Make sure meetings include everyone – even if mum isn’t keen make sure she attends – and all of your brothers and sisters and even the grandkids if they are old enough. Introducing kids to business planning can never be done too young. Making sure that everyone is at the meetings means information is not passed on second hand, and that everyone understands exactly what is going to happen. Don’t let anyone say “it’s okay, whatever you all decide I’ll go along with it” because you can be sure that something will not be okay and, when everyone realises, it might be too late.
Expect through the process to learn a lot more about your financials, other opportunities such as off-farm investments, and legal stuff like enduring powers of attorney.
Succession planning makes everyone focus on the business and where it is heading – not just to get to drying off and how to winter the cows but for years into the future. It’s a good thing, and the lessons you learn through the process should make you better at examining both the farm’s future and yours.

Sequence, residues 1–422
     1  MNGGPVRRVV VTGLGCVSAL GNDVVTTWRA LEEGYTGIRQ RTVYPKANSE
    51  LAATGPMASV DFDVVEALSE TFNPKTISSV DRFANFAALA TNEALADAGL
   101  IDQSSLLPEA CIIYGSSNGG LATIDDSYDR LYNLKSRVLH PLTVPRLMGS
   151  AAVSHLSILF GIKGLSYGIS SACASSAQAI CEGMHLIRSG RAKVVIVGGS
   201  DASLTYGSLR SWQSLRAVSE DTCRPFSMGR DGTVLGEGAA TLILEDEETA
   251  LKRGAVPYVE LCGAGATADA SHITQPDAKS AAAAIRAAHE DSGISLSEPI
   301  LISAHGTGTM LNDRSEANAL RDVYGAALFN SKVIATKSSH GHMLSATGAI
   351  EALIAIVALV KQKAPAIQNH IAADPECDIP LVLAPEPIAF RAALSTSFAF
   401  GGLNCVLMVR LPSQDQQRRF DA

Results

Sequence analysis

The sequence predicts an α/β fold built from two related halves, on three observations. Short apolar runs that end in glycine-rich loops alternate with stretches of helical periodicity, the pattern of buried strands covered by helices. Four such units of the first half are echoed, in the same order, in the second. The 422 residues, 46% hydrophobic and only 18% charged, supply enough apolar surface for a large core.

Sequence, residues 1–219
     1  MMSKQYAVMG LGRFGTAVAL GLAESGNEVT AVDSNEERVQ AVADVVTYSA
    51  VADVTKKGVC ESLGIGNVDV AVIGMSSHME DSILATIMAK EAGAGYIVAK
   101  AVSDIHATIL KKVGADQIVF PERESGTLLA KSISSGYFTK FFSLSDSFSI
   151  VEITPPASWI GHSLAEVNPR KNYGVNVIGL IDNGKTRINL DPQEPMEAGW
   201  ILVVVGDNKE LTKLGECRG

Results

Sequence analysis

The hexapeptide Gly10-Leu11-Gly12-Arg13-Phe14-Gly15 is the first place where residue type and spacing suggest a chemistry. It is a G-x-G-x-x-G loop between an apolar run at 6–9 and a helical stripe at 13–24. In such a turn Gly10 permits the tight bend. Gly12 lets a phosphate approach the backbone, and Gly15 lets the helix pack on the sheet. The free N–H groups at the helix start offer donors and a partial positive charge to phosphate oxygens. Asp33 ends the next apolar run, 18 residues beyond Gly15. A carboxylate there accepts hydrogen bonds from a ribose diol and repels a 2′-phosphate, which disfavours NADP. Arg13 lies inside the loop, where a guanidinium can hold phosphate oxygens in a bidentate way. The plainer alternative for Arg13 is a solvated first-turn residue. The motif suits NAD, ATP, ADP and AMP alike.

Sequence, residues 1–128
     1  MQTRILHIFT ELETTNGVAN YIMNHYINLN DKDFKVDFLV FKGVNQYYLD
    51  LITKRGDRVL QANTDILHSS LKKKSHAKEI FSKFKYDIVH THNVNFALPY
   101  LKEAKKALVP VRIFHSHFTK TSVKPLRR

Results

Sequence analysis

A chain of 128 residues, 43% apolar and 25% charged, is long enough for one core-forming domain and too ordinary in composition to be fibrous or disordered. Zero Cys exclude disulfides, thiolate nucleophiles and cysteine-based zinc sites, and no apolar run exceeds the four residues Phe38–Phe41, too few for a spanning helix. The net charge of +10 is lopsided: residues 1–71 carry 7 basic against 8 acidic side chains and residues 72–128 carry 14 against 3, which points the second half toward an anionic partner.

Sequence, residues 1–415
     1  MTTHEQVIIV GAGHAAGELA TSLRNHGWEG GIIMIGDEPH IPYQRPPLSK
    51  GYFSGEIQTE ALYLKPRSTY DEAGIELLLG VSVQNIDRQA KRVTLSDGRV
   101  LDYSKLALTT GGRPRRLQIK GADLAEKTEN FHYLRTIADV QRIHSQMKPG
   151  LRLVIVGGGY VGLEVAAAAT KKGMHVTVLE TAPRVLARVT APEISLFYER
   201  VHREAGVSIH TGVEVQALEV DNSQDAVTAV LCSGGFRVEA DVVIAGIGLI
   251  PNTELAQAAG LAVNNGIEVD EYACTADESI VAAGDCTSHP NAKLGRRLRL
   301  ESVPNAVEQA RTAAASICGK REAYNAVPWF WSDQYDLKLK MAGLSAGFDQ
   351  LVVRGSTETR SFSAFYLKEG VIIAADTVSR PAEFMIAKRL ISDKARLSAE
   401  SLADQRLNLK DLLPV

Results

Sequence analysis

Make sure the succession plan you all come up with is a living document – not something that is written down and then filed in a drawer. Things change, and what sounded like a great idea a couple of years ago might not work any longer. Health needs change, stock values change, the will to get up every morning to milk cows at 4am might change.
And don’t fall into the thinking that since you are going to be “given” the farm one day when both of your parents die you should work for them for free. Don’t laugh – it has happened on a lot of farms.
Equally, don’t let your parents think that it’s okay for them to face financial insecurity so you can fulfil their dream of a second and third generation on the farm. If the farm can’t pay you a living and give them a financially secure future as well, no amount of succession planning is going to work. Instead relook at the business and find a way to get enough money out of it for everyone.
Successful succession planning relies on a clear vision and purpose for the business and willingness for everyone to trust and support all involved. The aim should always be to keep your family together. Remember, those scones are worth it.